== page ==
Le Plaisir (1952) is perhaps the best example of Ophüls' magical camerawork that I can think of (I really need to rewatch Madame de...! Oh, and that's one of the greatest films ever so GET TO IT if you haven't already, cunt.) The opening sequence finds his camera frivolously sweeping into a ball, waltzing past the absurdly attractive artifice of the ballroom, before performing an effortless dance with a masked lothario which intensifies to a literal breaking point - one that concludes by exposing the playboy as an elderly married man!

One would think that Ophüls would let up slightly after this breathtaking introduction, but that's unheard of in this director's rulebook. He simply builds on that momentum and takes it to further extremes: other stylistic masterworks featured in this one film include a wistful glide around the exterior of a lively brothel, and a single-take PoV shot of an attempted suicide. In terms of structure, Le Plaisir is an unusual translation of three stories into a portmanteau film featuring two small (but very effective) bookends and a lengthier central segment. Each explores the pursuit of pleasure, and the ways in which our desires can overwhelm our lives. Even the charming middle-section concludes its countryside soirée on an unbearably poignant note before quietly criticising the amorality of its patriarchs. Typically for Ophüls, he veils his critiques with a stylistic opulence (I dare someone not to be awed by the film's mise-en-scène) which is too frequently dismissed for lacking substance. What this fails to consider is that Ophüls' style is his substance, and thus the grandeur of these sets is a moving overcompensation for the hollowness of these characters' lives. When the film concluded by stating that "happiness is not a joyful thing", I actually found myself moved to tears? LOL. This is so emblematic of Max: his cinematic seduction is a delicious-but-frail guise for the undercurrents of emotion that lurk beneath, and without even fully comprehending why, the audience always finds itself moved by film's end.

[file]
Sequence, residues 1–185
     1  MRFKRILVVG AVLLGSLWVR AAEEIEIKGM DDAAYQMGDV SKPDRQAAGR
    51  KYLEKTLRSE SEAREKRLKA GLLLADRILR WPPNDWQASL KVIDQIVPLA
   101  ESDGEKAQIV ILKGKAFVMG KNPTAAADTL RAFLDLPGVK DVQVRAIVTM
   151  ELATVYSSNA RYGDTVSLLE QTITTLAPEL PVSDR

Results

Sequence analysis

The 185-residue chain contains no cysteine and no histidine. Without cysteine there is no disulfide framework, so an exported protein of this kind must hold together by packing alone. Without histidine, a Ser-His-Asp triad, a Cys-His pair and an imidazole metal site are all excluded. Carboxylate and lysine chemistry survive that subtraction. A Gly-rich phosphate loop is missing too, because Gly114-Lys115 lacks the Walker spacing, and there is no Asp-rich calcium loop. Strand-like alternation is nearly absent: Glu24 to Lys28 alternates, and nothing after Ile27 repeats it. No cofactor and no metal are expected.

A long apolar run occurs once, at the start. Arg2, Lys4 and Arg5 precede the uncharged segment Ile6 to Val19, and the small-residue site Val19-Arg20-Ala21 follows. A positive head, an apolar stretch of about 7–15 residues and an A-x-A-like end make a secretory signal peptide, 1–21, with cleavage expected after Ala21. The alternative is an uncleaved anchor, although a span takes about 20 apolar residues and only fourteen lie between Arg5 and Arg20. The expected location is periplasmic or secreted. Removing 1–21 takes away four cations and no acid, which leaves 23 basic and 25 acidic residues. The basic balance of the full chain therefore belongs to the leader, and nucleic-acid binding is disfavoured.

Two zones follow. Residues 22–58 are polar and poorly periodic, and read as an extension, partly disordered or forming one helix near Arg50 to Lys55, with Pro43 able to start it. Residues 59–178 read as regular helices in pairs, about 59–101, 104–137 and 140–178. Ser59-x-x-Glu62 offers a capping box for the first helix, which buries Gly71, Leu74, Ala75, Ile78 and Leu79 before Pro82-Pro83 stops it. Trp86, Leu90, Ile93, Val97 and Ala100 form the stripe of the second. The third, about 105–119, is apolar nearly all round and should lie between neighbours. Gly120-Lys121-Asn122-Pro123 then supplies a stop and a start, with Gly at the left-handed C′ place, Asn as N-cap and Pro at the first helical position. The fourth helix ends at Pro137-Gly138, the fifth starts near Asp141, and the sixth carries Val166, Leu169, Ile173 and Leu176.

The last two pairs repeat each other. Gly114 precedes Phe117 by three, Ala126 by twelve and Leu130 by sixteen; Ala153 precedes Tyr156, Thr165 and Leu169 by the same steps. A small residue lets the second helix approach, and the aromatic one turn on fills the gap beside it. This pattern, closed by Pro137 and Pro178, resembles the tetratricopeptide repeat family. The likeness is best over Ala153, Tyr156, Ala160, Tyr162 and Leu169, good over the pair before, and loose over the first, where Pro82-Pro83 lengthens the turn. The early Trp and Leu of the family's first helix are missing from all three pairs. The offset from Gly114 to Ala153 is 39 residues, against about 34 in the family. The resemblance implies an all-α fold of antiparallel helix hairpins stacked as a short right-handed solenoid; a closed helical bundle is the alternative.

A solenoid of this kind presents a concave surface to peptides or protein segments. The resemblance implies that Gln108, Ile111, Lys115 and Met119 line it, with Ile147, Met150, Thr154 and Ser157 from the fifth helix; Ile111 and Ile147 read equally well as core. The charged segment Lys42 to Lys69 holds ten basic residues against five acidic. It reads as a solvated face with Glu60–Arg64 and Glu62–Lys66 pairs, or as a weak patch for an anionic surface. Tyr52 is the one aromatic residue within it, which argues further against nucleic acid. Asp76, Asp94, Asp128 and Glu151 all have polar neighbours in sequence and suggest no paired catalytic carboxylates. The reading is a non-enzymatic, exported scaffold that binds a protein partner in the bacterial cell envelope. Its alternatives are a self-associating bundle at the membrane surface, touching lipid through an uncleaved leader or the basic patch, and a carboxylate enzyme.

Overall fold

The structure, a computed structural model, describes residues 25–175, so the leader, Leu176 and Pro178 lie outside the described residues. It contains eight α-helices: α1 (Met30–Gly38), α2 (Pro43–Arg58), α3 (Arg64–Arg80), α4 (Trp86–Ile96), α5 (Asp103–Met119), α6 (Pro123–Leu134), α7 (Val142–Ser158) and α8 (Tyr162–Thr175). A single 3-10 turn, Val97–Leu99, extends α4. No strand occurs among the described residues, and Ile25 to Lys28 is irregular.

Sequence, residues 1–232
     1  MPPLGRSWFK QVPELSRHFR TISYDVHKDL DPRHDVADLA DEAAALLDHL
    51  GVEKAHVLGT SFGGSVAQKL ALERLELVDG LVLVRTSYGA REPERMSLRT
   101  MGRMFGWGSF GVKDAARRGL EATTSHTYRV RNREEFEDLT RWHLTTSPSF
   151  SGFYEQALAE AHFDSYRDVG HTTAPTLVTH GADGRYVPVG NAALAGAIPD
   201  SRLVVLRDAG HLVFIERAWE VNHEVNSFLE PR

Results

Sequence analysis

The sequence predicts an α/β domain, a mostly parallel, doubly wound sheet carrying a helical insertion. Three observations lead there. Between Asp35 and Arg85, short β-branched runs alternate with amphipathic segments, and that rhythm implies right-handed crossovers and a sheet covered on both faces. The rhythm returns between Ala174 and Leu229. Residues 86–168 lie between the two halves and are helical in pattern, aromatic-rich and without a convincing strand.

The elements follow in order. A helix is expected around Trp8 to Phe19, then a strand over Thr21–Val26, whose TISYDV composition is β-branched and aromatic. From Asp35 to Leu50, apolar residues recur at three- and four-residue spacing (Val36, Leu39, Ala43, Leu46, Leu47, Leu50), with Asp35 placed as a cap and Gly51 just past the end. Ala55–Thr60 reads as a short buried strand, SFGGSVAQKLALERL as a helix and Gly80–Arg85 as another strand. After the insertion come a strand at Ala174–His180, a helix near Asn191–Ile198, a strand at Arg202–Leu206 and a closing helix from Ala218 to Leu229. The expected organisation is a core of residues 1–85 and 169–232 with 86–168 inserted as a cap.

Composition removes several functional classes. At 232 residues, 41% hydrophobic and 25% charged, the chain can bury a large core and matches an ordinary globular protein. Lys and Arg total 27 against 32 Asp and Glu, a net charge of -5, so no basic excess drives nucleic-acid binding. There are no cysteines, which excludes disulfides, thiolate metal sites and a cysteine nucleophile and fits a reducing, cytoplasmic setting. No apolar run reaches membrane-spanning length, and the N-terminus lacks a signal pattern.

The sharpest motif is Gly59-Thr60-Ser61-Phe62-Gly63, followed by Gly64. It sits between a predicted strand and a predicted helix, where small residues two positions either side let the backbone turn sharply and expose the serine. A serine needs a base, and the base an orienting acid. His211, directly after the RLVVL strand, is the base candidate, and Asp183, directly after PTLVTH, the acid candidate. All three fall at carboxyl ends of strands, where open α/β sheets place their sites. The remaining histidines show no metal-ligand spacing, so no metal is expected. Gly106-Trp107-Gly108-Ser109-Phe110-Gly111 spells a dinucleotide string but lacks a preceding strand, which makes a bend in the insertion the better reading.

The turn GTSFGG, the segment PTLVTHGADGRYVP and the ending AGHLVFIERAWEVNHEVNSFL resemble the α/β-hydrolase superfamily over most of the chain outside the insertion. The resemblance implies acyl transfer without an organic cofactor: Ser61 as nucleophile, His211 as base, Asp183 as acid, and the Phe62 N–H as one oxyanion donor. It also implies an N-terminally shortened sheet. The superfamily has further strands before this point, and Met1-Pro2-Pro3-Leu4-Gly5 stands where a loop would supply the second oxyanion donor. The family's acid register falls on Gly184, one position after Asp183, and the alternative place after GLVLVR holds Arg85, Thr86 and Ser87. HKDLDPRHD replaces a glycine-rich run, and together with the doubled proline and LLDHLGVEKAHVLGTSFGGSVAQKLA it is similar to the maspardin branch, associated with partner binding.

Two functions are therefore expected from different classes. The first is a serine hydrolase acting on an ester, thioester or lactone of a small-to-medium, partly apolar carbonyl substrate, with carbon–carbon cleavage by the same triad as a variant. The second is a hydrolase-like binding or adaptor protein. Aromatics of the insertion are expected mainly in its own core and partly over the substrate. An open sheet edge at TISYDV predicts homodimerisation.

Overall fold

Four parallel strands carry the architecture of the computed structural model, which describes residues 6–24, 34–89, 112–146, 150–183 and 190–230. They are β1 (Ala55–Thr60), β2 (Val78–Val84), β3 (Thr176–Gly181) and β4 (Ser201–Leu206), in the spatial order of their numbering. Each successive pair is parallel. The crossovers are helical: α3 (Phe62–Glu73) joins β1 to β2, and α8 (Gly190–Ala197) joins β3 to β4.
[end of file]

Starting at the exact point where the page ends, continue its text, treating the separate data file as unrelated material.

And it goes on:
Quick shout-outs to Danielle Darrieux, Jean Gabin (always marvellous, the both of them) and especially Simone Simon's work in the final segment. Also, the scene at the church is sickeningly beautiful.